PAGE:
Clive Cable

I started out in the business world as a self-employed salesman.

When I began working as a door-to-door, commission only salesman for Everest, I didn’t have a clue what I was doing.

The sales training I got at Everest was the “sink or swim” style.

In other words, you worked it out yourself or you failed.

I remember my father once told me that I would never amount to anything.

And I used to think I couldn’t sell because when I went to get a job selling insurance, the first thing they did was to have me take a personality profile.

They used the D.I.S.C. model to profile me with.

According to their analysis I wasn’t suited to sales.

Those two things played on my mind. It took me a whole month before I sold anything.

And my first sale gave me a measly £200 in commission.

When you have a wife, two kids and bills and a mortgage to pay £200 doesn’t go far even in 1986.

First sales book.

The first book I ever read on sales was in 1987. And it was “The one minute salesman.”

It helped a little.

The next month I made just over £1,000.

My income was up one week and down the next.

So I left Everest in pursuit of a better future.

I began studying sales methods and my income became steady at around £2,000 a month.

Which meant we could survive, but no money for luxuries like holidays, etc.

I did have time and some money to pursue a hobby.


In fact, I even started my own chess club.

That was one of the best moves I ever made.

Excuse the pun.

In the early days of my chess club we lost most games.

Then out of the blue a strong chess player turned up.

My first mentor.

His name was John Davies.

He asked me if he could join my chess club.

I said “yes” straight away.

That night John told me he was a “Behavioural Scientist.”

What’s one of those?” I asked.

We give you a questionnaire and your answers tell us your real character.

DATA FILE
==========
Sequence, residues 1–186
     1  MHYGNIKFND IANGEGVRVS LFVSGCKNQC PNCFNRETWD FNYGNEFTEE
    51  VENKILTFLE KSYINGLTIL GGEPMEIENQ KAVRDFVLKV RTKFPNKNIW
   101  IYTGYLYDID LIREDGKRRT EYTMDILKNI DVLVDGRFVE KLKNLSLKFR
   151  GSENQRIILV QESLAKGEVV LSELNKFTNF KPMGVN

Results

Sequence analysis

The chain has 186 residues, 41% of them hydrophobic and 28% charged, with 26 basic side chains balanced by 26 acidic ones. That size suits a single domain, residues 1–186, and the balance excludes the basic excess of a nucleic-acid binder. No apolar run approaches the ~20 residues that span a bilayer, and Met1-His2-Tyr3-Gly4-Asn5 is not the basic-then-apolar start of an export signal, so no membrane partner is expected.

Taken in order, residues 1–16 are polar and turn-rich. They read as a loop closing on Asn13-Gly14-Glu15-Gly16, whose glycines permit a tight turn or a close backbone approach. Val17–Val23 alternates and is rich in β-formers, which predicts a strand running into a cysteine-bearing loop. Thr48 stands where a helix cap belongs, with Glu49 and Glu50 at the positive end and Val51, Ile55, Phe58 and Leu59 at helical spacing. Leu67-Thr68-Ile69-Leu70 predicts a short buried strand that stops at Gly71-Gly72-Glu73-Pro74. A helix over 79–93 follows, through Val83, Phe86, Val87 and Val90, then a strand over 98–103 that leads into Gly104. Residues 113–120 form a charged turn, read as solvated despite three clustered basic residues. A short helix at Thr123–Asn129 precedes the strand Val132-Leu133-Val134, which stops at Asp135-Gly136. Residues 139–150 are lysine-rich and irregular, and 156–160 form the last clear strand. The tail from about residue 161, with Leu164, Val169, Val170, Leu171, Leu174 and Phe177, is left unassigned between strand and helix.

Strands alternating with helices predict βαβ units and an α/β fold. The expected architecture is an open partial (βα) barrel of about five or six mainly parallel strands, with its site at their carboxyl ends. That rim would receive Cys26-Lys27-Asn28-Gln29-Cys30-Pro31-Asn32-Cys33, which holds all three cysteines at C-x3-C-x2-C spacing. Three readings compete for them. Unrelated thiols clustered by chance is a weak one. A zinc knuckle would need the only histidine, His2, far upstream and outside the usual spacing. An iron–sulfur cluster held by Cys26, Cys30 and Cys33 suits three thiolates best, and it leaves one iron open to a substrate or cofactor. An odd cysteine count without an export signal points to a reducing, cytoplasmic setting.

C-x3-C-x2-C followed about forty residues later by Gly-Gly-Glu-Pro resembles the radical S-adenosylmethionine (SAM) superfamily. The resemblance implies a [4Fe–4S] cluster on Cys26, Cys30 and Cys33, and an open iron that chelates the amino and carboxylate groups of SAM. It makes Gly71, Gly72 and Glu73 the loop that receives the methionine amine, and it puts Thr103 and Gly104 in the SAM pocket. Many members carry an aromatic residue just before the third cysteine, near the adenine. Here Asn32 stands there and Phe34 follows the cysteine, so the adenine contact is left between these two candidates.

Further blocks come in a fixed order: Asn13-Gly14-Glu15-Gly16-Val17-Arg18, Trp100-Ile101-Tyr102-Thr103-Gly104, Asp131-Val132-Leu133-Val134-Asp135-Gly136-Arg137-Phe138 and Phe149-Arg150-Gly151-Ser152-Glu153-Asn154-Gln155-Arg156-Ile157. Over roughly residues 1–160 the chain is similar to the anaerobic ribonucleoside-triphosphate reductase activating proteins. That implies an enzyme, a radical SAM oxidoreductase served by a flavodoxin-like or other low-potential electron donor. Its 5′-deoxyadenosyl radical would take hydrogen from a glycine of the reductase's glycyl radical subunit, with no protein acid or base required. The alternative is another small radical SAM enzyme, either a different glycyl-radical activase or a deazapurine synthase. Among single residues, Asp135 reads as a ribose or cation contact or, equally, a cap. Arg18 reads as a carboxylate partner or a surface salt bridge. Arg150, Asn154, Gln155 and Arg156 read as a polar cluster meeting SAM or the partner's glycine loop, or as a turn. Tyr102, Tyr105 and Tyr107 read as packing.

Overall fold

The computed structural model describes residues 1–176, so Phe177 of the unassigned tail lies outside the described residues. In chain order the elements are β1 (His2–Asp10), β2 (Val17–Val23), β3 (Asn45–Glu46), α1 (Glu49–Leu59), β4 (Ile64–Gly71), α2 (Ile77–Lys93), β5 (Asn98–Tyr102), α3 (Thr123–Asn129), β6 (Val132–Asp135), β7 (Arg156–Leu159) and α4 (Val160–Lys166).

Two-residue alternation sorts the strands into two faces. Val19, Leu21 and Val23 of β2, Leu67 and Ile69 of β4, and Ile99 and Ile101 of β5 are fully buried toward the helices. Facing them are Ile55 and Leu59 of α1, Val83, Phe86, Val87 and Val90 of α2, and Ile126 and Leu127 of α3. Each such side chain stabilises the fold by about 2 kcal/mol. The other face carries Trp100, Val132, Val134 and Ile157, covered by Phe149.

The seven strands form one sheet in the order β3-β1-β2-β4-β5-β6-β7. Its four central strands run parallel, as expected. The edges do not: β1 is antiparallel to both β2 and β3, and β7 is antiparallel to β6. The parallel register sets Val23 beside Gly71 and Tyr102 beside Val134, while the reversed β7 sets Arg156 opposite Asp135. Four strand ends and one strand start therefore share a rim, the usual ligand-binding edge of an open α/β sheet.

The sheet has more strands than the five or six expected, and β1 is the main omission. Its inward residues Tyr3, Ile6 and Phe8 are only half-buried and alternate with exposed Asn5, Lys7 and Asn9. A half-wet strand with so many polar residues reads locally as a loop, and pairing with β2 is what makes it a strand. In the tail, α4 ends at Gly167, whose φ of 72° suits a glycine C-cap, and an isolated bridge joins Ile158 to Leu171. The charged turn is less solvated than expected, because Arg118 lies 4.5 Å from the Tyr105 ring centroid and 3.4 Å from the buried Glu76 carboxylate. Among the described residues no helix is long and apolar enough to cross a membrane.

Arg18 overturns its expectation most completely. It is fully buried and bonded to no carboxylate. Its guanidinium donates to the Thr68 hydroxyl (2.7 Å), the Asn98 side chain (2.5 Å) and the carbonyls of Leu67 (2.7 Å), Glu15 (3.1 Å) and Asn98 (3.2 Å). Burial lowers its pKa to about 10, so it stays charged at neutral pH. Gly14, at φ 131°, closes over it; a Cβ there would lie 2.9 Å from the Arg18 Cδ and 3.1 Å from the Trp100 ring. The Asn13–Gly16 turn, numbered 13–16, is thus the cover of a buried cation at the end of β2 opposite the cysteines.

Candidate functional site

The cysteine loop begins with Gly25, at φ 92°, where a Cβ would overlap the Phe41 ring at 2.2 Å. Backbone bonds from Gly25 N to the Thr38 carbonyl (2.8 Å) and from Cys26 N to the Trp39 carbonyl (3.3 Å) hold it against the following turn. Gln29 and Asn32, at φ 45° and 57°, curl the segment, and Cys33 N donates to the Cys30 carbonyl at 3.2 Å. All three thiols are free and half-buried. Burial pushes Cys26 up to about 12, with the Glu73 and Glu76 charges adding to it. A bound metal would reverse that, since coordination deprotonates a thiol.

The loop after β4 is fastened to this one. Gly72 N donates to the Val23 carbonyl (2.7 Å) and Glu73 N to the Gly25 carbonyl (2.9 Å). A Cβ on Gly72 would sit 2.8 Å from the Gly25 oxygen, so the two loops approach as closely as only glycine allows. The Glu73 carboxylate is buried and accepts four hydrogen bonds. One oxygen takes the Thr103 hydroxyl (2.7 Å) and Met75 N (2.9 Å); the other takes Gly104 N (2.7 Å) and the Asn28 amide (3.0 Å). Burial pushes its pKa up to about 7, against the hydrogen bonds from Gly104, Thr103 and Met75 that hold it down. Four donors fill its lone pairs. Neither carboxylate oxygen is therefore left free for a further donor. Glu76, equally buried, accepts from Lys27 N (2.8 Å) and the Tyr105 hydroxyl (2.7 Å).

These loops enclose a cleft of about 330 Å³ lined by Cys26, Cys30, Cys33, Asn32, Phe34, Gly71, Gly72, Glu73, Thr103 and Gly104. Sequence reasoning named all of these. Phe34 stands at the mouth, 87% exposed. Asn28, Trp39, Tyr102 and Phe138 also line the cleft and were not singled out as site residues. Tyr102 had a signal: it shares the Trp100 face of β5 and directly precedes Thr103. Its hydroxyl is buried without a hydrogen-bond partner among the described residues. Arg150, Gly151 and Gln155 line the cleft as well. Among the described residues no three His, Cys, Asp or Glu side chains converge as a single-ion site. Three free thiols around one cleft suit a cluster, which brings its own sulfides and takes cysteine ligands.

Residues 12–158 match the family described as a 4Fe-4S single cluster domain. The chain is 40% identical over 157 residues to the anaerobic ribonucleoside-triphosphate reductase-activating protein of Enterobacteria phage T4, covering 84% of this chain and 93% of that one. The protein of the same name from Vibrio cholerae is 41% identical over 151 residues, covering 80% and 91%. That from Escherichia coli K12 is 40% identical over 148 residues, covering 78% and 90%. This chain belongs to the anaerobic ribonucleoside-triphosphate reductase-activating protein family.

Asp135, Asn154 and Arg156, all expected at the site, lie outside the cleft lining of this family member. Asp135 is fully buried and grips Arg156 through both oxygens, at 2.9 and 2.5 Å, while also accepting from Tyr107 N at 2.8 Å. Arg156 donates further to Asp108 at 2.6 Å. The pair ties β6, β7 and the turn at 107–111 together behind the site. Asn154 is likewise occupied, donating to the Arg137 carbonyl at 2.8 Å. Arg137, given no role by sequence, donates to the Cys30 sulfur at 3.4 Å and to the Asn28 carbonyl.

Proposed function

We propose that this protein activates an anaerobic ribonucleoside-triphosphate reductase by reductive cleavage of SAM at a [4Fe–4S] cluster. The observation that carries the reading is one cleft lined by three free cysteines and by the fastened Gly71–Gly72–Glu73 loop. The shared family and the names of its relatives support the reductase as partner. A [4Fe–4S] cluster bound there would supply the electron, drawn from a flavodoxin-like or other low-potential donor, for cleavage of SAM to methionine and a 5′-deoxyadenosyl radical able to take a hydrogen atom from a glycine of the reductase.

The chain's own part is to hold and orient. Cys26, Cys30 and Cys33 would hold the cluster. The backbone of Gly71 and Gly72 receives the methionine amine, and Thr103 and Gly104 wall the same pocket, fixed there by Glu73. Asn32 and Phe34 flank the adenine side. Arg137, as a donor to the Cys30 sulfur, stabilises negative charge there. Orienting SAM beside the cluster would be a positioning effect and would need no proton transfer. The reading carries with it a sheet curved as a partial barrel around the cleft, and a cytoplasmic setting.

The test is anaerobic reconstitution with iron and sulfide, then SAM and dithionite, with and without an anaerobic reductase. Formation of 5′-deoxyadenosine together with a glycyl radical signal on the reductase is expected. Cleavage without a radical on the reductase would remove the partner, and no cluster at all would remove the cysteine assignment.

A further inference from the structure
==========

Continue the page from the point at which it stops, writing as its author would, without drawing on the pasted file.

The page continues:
“Can I take the quiz please.”

“Sure, come by my office tomorrow.”

His office was massive.

I had just made friends with a director of human resources at BICC Vero.

John was tasked with training around 200 people in his personality style methodology.

This man was in a class of his own.

At that time he was considered by his peers to be the best behavioural scientist in the world.

John analysed my profile.

Long story short, it turns out that I was the ideal salesperson under time pressure.

And the ideal entrepreneur when I was relaxed and being my normal self.

And John proved it to me with the science behind his personality profiling tool.

That personality profile reading changed me forever.

For the first time in my life I started believing in me.

Number one.

A few weeks later I went from worst to best in the company.

I earned more money that month than I made all year.

I’ve never looked back.

Over the years John and I became good friends.

John spent hours proving to me that my profile was accurate.

I didn’t know it at the time, but John had his own hidden agenda.

Because I was one of the best “sales profiles” he had ever seen he wanted me to go out and sell his profiling system to big businesses.

But it turns out my personal agenda was bigger than his.

Copywriting Conundrum.

And over the years my belief in myself was so strong I went from being a salesman in person to a salesman on paper.

Because I was good at selling I was a natural at copywriting.